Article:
Tag: Windows Vista

Django running slow on Windows?

I generally do my development on a dedicated development server running Linux with a fairly good amount of RAM (2GB) and a fast processor (the server does a lot more than just server django :)). Even when I am out of office I SSH to the development server. A few weeks ago I was on a trip where I wasn’t going to have good internet access for a lot of time. So, I decided to setup django on my tablet (Windows) to work locally. Everything was great until I had to access the site.




Finally, after a few seconds the main page showed up. Then I clicked on a link.



Once again the page showed up after a few seconds. I was surprised how slow this was behaving. I booted to Linux and there it was very snappy. Unsatisfied with this performance issue, I did some searching and debugging and finally found out that the ‘localhost’ is what was causing the problem. As soon as I switched to the local IP address (, the server came back to life!

If you are developing on Windows and the server seems to be a little slow then make sure to use ’’ instead of ‘localhost:8000’. If you are curious about the cause then search on google for complete explanation. Apparently this has to do with IPv6 and might a be non-IE issue.

Vista SP2 and UltraMon

So, with Service Pack 2 beta installed on my Windows Vista x64 machine Windows Explorer would crash every time I would mouse over a program entry in the taskbar. After a few crashes I noticed that UltraMon was causing this behavior (even with the smart taskbar disabled). I was running UltraMon 3.0.2 and checking on UltraMon’s site I noticed that they had 3.0.3 beta available. So, I upgraded to that and now the crashes are gone. Hopefully this will save you some time in case if you have UltraMon installed and are trying out SP2 beta. Other than this issue everything else seems pretty good (I have only used it for a few hours now).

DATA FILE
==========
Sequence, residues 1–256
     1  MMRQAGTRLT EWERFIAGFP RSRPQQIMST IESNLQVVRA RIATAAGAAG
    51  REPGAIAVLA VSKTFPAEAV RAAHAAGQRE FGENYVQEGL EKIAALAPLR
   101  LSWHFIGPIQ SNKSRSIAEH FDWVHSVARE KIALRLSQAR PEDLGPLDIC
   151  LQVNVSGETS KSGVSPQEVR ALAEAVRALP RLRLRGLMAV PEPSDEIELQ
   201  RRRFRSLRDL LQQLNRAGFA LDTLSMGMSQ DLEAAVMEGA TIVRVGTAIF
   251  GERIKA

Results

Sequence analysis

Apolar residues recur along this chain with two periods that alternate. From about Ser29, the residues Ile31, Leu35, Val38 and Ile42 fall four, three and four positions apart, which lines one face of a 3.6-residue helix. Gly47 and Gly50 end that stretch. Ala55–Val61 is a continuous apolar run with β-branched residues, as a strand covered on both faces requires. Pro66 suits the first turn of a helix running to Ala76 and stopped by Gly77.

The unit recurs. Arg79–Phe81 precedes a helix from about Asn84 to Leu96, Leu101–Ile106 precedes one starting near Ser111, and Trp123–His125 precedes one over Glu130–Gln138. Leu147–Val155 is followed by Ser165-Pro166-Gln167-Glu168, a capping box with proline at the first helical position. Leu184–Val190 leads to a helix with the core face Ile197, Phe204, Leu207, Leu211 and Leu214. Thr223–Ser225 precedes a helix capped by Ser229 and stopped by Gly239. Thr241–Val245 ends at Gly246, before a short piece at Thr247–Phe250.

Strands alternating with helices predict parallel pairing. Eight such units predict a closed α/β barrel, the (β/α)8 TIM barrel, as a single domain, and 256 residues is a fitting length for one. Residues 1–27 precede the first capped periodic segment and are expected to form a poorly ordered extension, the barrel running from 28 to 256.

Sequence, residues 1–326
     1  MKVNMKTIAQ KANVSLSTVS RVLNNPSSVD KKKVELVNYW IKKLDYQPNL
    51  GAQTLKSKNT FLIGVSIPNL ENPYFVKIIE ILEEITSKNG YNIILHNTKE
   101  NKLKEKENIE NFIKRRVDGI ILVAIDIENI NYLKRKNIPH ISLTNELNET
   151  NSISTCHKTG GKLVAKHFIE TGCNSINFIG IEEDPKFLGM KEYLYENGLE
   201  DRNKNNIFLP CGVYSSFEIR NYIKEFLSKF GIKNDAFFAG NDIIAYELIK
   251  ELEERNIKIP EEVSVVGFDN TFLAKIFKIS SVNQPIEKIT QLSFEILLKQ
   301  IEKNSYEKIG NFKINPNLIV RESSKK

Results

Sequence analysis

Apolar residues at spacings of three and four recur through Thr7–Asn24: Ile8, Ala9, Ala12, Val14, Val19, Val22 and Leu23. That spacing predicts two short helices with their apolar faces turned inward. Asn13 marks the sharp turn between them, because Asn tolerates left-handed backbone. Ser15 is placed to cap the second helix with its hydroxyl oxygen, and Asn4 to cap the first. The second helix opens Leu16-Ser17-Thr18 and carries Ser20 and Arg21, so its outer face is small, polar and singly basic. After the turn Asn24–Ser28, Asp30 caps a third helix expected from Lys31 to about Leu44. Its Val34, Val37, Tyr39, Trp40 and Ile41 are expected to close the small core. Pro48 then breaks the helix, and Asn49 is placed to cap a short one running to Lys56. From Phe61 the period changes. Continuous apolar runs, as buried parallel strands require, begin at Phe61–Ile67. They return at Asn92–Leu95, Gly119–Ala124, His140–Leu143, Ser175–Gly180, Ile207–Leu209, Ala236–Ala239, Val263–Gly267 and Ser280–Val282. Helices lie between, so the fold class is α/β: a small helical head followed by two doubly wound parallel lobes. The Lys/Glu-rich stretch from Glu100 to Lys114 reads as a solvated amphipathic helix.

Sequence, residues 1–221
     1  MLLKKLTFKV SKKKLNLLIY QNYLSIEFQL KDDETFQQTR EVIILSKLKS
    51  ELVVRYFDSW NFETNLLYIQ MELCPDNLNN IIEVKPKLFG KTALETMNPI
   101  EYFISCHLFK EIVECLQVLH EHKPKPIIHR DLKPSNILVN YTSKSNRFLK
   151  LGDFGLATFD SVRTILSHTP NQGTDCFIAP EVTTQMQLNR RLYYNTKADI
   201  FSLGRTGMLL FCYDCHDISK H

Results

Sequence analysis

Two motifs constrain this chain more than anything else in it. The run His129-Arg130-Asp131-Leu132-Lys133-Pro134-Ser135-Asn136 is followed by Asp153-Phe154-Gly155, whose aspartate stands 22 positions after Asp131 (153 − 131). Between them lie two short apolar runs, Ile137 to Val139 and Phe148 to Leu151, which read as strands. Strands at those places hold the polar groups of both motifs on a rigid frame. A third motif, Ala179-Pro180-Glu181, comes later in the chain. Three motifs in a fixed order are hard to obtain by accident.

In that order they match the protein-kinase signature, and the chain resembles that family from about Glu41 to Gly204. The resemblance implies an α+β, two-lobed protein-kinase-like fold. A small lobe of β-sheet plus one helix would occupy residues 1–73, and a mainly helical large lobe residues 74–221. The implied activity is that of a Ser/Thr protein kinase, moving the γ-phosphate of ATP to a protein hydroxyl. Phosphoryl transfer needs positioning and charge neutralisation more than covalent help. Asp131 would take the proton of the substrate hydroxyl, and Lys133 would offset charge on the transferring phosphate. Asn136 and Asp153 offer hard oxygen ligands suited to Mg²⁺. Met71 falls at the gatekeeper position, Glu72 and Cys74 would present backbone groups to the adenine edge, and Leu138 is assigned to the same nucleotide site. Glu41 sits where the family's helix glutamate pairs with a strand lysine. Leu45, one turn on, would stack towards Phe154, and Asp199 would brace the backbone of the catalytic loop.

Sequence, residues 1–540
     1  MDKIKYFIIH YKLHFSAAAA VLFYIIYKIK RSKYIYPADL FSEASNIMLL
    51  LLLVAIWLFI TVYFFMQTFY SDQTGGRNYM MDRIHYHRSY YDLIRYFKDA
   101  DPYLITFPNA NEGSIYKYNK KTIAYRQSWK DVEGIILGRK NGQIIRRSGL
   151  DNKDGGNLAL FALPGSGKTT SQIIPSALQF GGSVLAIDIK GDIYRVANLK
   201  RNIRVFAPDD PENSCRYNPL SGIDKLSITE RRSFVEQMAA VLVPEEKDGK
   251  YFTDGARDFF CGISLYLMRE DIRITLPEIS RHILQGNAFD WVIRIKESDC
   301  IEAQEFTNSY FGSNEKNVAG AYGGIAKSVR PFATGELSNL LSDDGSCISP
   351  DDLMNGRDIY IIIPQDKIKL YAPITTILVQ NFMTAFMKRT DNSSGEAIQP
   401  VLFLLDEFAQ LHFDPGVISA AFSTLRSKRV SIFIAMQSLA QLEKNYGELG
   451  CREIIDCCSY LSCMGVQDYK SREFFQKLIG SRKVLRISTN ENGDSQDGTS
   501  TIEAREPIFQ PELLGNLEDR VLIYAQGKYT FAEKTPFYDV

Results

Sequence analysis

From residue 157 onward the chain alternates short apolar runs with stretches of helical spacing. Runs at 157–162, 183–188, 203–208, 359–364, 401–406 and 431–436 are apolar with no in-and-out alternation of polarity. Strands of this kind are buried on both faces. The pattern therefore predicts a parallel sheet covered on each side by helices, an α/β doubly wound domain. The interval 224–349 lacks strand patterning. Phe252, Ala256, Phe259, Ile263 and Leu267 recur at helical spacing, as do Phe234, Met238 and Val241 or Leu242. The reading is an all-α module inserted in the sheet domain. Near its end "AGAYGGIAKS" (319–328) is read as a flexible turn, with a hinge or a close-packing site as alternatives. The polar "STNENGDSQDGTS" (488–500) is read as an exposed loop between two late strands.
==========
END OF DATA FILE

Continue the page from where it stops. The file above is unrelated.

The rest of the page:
Vista Service Pack 2

Upgraded the tablet to Vista Service Pack 2 Beta, let’s see how this goes. So far things are pretty good (the hard disk seems to be quieter, but that might just be psychological).

Windows Vista Service Pack 2

New computer, and “64-bit thoughts”

System properties showing the 64-bit Windows Vista

About a week and a half ago I built a new computer, and after doing a lot of research on 64-bit operating systems I finally decided that it was time that I switched. I am using plurals (operating system_s_) because once I switch to the new computer I was going to move the “older” one to become the server. One additional attraction for going to 64-bit on the main computer was that I was getting 4GB of RAM, which 32-bit Windows doesn’t completely utilize due to technical limitations.

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I am in love…

…with a font, that is! 🙂 If you haven’t guessed already, I like to write code. So, naturally, the one thing that I see the most during a normal day is fixed width font. Previously I didn’t care so much and used whatever default the operating system had. On Windows this is generally the [Courier New)] font. Recently, I started to look around to “spice up” my environment, and font was the first thing that came to my mind. So, I started looking around for options and ended up on Consolas.

A screen shot of Consolas in VIM

Now, nothing is perfect and Consolas is no different. Consolas was designed with ClearType and pretty much for ClearType because it doesn’t look very good if you don’t have ClearType enabled (checkout the comparison in the wikipedia entry). That is something that I can live with because majority of the coding that I do is either through a shell session running on Windows or in some other Windows programs so it isn’t really an issue for me. For the cases when I do have to use other operating system, there is always the similar looking Inconsolata font.

To really enjoy this font I have all my fixed width programs set to 10pt font size, which I have noticed is the best size for this font. At this size the font looks awesome and you can easily distinguish the similar looking characters like o (lower case o), O (upper case O), and 0 (zero).

So, if you code a lot or look at fixed width fonts all day long for some other reason then I suggest that you should give this font a try, maybe, you too will fall in love with it! =D It comes standard on Windows Vista, for other Windows version you can download the Consolas Font Pack if you have Visual Studio.

If you are looking for some other options you might also want to consider another excellent font that supports box drawing: Envy Code R.